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by Alan R


The number and severity of symptoms vary. Symptoms may include:
  • Nearsightedness and other visual problems
  • Flush across the cheeks, fair complexion
  • Seizures
  • Tall, thin build
  • Delays in growth
  • Long limbs
  • High-arched feet
  • Knock-knees
  • Abnormal formation of the rib cage
  • Protrusion of the chest over the sternum
  • Developmental delays
  • Intellectual disability
A Woman with Scoliosis
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Homocystinuria may have serious complications, such as the development of blood clots. This could lead to a stroke, heart attack, or severe high blood pressure .


There is no specific cure for homocystinuria. Treatment is focused on managing the levels of methionine. It should begin as early as possible. Treatment may include medication and/or a special diet.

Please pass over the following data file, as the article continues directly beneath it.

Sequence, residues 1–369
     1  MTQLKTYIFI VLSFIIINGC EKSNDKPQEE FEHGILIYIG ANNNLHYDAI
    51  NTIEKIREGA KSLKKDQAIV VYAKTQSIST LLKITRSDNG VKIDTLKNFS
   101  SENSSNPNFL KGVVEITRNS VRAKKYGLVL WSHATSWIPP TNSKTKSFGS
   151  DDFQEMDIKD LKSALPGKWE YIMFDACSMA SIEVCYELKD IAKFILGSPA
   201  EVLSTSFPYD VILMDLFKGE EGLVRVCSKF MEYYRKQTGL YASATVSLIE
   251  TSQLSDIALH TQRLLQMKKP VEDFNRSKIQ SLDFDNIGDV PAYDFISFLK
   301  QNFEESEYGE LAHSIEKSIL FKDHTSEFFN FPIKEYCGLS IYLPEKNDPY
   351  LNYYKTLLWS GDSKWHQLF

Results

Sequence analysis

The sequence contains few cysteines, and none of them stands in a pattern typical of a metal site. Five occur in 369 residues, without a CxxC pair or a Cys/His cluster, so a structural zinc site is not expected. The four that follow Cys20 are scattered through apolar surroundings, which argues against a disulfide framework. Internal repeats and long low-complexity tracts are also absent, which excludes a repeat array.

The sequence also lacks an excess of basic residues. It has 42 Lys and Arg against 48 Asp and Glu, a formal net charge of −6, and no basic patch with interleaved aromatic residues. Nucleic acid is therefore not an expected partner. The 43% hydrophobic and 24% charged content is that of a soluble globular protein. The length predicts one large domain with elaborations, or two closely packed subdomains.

Many people respond to high doses of vitamin B6. The supplement will be needed for the rest of your life. A normal dose of folic acid supplement is helpful. Other medications may also be occasionally needed.

Special Diet

A special diet may help people who don't respond to or don't respond fully to vitamin B6 treatment. Starting the diet early in life can help prevent intellectual disability and other complications. In general, the diet:
  • Restricts foods with methionine
  • Consists mainly of fruits and vegetables
  • Allows little, if any, meats, eggs, dairy products, breads, and pastas


Genetics Home Reference

National Organization for Rare Disorders, Inc.



Health Canada

Service Canada



Homocystinuria. EBSCO DynaMed website. Available at: Updated August 28, 2011. Accessed August 13, 2013.

Homocystinuria. Genetics Home Reference website. Available at: Published August 12, 2013. Accessed August 13, 2013.

Homocystinuria. National Organization for Rare Disorders, Inc. website. Available at: Accessed August 13, 2013.


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